BETWEEN LIGHT AND DARKNESS
From the D’VAR TORAH BY: RABBI KARYN D. KEDAR
We are all Jacob, we are all Joseph, trying to live in the truth and splendor of who we are. Yearning to forgive, to be forgiven. To come to our final moments with the sense of having lived with purpose.
From ReformJudaism.org https://reformjudaism.org/torah/portion/va-ychi
Vayechi (וַיִּגַּשׁ — Hebrew for “[Jacob] Lived”) – Gen. 47:28-50:26
Jacob lived in the land of Egypt for 17 years; Jacob’s days—the years of his life—were 147. – Genesis 47:28
- Jacob blesses his grandchildren Ephraim and Manasseh. (48:1-20)
- Jacob’s twelve sons gather around his deathbed, and each receives an evaluation and a prediction of his future. (49:1-33)
- Joseph mourns his father’s death and has Jacob embalmed. Jacob is buried in Hebron in the cave of the field of the Machpelah in the land of Canaan. (50:1-14)
- Joseph assures his concerned brothers that he has forgiven them and promises to care for them and their families. (50:15-21)
- Just before he dies, Joseph tells his brothers that God will return them to the Land that God promised to the patriarchs. The Children of Israel promise Joseph that they will take his bones with them when they leave Egypt. (50:22-26)
The Book of Genesis ends here. Upon completing a book of Torah Ashkenazi Jews shout “Chazak! Chazak! Venit-chazëk!”, which is translated as “Be strong! Be strong! And may we be strengthened!” The Sephardic custom is to say “Chazak U’baruch” (“strength and blessing”) at the end of every single individual Torah reading; the response is “Chazak Ve’ematz” (“be strong and have courage” from Deut. 31:23) or “Baruch Tihiye” (“may you be blessed.”)
I Kings 2:1-12
From Wikipedia.org https://en.wikipedia.org/wiki/Vaychi
The parashah and haftarah both report the testaments of seminal leaders of Israel to their sons, the parashah of Jacob (in Genesis 49) and the haftarah of David. Both the parashah and the haftarah precede the testament with the phrase “the time drew near that [the leader] must die.” Both the parashah and the haftarah employ the word “va-yetzav,” “he instructed.” A Midrash notes that both the parashah and the haftarah use language reflecting the leader’s diminution of authority: the parashah reports Jacob entreating his son, “If now I have found favor in your sight . . . I pray thee”; the haftarah describes David simply as “David” instead of the title of honor “King David” used a chapter before in 1 Kings 1:1. In both the parashah and the haftarah, the leaders brought up unpleasant slights that haunted them to their last days: Jacob brought up that his son Reuben defiled Jacob’s bed and that his sons Simeon and Levi slew men and beast in their anger; David brought up that his nephew Joab killed Abner and Amasa and that Shemei insulted David on the way to Mahanaim. In so doing, both leaders complained of subordinate family members who acted too zealously on what might be viewed as the leader’s behalf: Jacob with regard to Simeon and Levi and David with regard to Joab.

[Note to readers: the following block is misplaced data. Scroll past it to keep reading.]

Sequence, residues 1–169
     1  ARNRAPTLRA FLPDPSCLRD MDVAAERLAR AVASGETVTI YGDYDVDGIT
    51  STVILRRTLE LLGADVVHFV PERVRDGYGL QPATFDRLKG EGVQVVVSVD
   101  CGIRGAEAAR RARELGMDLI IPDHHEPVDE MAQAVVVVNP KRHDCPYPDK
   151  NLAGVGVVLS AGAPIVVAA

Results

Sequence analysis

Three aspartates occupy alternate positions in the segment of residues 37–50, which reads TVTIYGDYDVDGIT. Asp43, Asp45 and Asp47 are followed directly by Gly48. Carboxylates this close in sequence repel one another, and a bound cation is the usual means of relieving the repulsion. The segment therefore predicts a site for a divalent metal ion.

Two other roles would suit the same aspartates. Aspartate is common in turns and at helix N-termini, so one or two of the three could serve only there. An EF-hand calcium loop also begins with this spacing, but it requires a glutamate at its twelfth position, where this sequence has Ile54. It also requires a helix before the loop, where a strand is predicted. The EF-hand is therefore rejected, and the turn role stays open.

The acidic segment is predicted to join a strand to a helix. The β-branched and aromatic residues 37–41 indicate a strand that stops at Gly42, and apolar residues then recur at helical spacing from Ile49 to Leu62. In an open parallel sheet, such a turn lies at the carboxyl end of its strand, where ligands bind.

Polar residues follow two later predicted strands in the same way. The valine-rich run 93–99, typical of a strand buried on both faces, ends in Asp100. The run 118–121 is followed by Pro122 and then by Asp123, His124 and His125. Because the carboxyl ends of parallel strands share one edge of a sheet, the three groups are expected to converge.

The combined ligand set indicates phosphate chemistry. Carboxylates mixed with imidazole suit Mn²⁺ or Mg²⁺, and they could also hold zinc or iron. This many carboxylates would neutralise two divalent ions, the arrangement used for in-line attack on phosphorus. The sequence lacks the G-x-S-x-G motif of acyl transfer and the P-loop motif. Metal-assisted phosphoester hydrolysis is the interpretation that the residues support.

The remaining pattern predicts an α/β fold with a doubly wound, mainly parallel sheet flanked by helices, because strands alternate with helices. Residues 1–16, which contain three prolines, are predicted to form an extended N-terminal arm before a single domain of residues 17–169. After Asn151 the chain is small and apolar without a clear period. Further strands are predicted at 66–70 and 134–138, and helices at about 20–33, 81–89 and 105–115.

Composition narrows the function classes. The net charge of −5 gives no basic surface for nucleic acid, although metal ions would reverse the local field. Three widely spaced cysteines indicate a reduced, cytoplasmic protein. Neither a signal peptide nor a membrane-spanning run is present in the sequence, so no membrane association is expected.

STRUGGLING WITH TORAH
From Women of Reform Judaism.org
D’VAR TORAH BY: RABBI STEPHANIE BERNSTEIN
Parashat Vayechi, the last parashah in Genesis, marks the end of the stories of the patriarchs and matriarchs and foreshadows the Exodus narrative of slavery and freedom. In this portion, Jacob—the last of the patriarchs—nears the end of his life and concerns himself with his legacy and the continuity of his family. Prior to his death, Jacob adopts Joseph’s sons, Ephraim and Manasseh, and he bestows a deathbed blessing to his twelve sons: Reuben, Simeon, Levi, Judah, Zebulun, Issachar, Dan, Gad, Asher, Naphtali, Joseph, and Benjamin. Ten of his sons, together with Ephraim and Manasseh, will go on to become the twelve tribes of Israel. Jacob’s focus on the future extends to the land, as seen in his instruction that he be buried with his ancestors in the cave of Machpelah in Canaan, rather than in Egypt, where he and his family have been living for seventeen years. Jacob’s blessing of his sons and instructions for his burial in Canaan suggest a future in which the family will be united in the Promised Land.
From Wikipedia.org https://en.wikipedia.org/wiki/Vaychi
Vaychi (וַיְחִי — Hebrew for “and he lived”) – Gen. 47:28-50:26
In Modern Interpretation
[The late modern biblical scholar] Nahum Sarna identified three literary genres in Genesis 49:1–27: a deathbed blessing like that in Genesis 27:27–29 and Genesis 28:1–4 [Isaac to Jacob]; a farewell address like that in Joshua 23:1–24:15 [Joshua] and 1 Kings 2:1–9 [David]; and a tribal poem like that in Deuteronomy 33 and Judges 5.
The 20th-century Reform Rabbi Gunther Plaut considered it likely that at a time when the tribes were already in Canaan, although not yet a nation, the author of Genesis 49:1–27 collected old tribal songs and memories, wove them into a poem, and incorporated the product into Jacob’s life story. Plaut argued that this author composed Genesis 49 in the same general epoch as the song of Deborah in Judges 5, at a time when the tribe of Levi fell short of the priestly importance that the blessing of Moses in Deuteronomy 33 assigned to it, when the tribe of Simeon (not named in Deuteronomy and later absorbed into the tribe of Judah) was still worth mentioning.
From “The Torah / A Women’s Commentary” edited by Dr. Tamara Cohn Eskenazi and Rabbi Andrea L. Weiss, Ph.D.